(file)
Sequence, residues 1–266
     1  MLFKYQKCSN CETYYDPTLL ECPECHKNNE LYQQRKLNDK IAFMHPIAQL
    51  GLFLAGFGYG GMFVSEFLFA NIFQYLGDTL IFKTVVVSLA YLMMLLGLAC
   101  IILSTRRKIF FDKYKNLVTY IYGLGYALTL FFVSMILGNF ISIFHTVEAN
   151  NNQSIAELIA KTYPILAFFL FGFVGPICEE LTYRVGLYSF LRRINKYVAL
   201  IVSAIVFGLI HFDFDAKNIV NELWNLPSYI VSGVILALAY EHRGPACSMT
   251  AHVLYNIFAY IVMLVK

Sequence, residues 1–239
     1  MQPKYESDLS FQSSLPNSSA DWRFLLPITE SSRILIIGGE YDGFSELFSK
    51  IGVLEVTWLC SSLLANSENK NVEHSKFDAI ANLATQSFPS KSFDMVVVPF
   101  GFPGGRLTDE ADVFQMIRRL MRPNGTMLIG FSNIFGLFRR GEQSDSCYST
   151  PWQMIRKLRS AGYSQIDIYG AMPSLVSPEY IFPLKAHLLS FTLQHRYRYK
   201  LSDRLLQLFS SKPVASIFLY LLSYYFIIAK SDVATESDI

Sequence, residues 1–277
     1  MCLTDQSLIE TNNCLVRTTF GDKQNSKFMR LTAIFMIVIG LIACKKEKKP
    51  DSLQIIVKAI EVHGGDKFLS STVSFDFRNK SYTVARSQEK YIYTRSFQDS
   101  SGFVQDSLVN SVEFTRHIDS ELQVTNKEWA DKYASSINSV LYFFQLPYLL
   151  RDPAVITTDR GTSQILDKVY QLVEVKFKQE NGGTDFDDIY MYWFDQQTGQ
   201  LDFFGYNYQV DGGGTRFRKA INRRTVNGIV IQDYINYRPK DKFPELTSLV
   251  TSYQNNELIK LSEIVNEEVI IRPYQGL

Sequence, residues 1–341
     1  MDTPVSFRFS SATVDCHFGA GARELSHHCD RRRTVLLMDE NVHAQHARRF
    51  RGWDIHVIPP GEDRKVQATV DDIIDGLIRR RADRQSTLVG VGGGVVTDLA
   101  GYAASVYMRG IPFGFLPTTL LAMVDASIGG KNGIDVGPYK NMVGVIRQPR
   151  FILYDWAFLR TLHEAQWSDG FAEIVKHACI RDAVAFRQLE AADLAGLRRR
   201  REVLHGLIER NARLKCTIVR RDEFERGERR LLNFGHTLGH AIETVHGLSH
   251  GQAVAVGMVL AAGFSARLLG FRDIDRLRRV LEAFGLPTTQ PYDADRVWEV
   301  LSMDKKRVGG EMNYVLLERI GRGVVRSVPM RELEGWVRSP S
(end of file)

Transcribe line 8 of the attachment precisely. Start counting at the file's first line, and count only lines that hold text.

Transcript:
Sequence, residues 1–239